Speeding tickets, speeding tickets, speeding tickets. He’d shake his head, call me an idiot and help me navigate the whole “thing you’re supposed to do” when you get into trouble as a juvenile driver. In high school I detailed cars at the local Toyota dealership, valeted through college, and began working a career in automotive journalism after earning that pricey degree. Buying cars, autocross racing, riding home two vintage motorcycles, and polluting my parents’ garage with car parts, tools, and spilled oil. My dad continued to selflessly support me and this passion. At 28, I’m still getting car books for Christmas, birthday cakes with Hot Wheels cars on top stuck in the thick vanilla frosting, emails with links to stories about classic muscle cars. My dad and I have started going to our weekly Tuesday night car show together, and it’s quickly turned into one of my absolute favorite traditions. We’ll walk past rows of shining, polished and waxed rides, pointing out our favorite things about said vehicle. He’ll ask me “What is this?” and I’ll answer with  whatever knowledge or fact that springs to mind. He loves these conversations, and I love getting to share with my dad something new about car technology or explain what makes, say, an old, mint Suzuki Jimny so special.

I credit my father, Robb, for sculpting me into the obsessed gear head I am today, and give upmost praise to all his support and encouragement. Now I just need to sway his objections towards me performing an engine swap in his driveway or taking out a bank loan on a used 911.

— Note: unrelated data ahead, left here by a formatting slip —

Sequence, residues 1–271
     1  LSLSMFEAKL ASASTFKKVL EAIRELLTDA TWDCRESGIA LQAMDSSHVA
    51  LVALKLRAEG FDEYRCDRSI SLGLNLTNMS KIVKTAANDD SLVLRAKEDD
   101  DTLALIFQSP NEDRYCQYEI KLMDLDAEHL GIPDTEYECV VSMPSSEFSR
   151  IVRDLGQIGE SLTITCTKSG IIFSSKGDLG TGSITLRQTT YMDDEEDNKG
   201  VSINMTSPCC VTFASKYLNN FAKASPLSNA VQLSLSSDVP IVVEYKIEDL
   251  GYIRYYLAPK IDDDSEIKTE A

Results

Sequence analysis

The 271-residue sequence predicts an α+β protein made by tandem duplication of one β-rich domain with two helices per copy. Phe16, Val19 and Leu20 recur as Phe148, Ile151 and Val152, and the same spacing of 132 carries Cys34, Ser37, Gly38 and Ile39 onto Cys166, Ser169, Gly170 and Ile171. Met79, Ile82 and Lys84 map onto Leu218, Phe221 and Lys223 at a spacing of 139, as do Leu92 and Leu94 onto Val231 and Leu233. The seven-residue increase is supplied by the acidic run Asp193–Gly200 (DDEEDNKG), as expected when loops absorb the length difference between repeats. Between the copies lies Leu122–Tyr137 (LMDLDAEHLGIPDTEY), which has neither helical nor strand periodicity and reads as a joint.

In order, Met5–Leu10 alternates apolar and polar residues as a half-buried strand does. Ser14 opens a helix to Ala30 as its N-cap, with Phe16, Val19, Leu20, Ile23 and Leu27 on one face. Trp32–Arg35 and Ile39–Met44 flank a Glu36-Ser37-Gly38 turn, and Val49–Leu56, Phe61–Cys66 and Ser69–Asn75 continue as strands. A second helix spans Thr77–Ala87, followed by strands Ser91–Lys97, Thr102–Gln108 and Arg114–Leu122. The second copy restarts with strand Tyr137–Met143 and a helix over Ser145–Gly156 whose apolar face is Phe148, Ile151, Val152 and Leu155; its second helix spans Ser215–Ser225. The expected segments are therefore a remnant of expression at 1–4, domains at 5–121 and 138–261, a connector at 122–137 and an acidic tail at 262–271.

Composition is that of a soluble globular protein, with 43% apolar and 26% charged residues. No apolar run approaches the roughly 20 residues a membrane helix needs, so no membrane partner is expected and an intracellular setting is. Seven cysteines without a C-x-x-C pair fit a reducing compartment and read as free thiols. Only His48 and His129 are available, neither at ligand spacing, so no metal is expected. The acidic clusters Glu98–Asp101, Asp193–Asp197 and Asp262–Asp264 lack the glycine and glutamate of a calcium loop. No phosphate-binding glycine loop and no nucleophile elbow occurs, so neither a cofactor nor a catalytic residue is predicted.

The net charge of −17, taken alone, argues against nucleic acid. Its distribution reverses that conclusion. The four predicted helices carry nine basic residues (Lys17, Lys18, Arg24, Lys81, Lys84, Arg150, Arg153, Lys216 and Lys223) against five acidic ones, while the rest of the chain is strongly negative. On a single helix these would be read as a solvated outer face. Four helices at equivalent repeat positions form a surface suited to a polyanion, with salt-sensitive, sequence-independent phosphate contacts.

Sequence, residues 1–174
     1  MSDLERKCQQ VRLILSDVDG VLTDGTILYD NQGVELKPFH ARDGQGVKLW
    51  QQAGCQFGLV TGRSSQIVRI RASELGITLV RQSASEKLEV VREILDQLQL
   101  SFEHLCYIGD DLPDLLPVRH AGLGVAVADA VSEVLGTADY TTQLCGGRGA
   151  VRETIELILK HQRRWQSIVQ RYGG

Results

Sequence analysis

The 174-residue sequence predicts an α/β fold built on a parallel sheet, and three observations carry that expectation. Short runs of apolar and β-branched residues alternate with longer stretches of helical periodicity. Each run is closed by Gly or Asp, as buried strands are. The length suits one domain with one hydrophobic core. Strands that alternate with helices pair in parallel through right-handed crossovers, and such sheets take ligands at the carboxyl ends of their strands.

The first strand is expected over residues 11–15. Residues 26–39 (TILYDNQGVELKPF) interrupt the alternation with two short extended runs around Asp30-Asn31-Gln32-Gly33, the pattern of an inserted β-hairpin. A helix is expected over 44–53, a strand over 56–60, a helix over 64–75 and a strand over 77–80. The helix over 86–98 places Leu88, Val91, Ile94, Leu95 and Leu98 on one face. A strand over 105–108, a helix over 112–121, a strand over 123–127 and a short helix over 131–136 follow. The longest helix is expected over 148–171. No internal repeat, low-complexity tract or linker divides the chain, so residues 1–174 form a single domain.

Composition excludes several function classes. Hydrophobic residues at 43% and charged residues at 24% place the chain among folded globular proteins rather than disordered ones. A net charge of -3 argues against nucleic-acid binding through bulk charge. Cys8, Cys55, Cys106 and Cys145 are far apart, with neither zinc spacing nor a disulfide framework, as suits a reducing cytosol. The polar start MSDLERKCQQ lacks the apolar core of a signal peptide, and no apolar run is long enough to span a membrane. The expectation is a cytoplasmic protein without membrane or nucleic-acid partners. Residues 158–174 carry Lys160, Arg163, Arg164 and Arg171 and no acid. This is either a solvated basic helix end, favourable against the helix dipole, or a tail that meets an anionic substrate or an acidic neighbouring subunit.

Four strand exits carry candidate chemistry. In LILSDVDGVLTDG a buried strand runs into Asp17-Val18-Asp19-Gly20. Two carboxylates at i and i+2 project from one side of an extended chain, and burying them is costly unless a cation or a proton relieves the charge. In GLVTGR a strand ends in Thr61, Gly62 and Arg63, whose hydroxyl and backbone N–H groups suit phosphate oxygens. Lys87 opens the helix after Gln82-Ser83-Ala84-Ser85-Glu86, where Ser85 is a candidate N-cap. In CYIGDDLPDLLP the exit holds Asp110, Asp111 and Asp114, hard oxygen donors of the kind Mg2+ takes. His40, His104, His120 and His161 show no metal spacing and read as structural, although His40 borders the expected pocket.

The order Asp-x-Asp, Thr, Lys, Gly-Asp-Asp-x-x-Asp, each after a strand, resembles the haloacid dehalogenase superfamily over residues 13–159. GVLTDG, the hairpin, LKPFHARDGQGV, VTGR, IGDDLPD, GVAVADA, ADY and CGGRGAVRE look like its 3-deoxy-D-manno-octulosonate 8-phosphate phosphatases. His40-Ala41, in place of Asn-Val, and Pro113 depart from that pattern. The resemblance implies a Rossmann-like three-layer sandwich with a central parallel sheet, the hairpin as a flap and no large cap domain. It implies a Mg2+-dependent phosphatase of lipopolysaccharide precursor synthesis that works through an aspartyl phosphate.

• P161911

    Probably a combination of my dad and my grandfather. My grandfather was always tinkering with some vehicle, usually tractors. I got to watch. My dad had a bunch of cool cars before I came along, including: A Fiat 1600 Spider (that think had to be incredibly rare in the US at the time.), a Ford Fairlane 390 GTA, a Triumph Spitfire, and then a long series of boring 4 door GM products by the time I came along.

  • GTXcellent

    Are gear heads born or made? Growing up, we NEVER had cool cars. My folks traded in their 242GT Volvo when I was 4 and they’ve had nothing cool since.
    BUT – I’ve had a total love affair with cars, trucks, boats, tractors, snowmobiles and anything else with a motor since my diaper days. I think it’s genetics. My grandfather died before I was born, but he was a gear head – he owned his own service station and always had “hot” cars including a custom ordered, hemi-powered ’56 Dodge D500. Prior to kids, my folks had some pretty sweet cars including a Chevelle SS, an Opel Manta Rallye and said Volvo.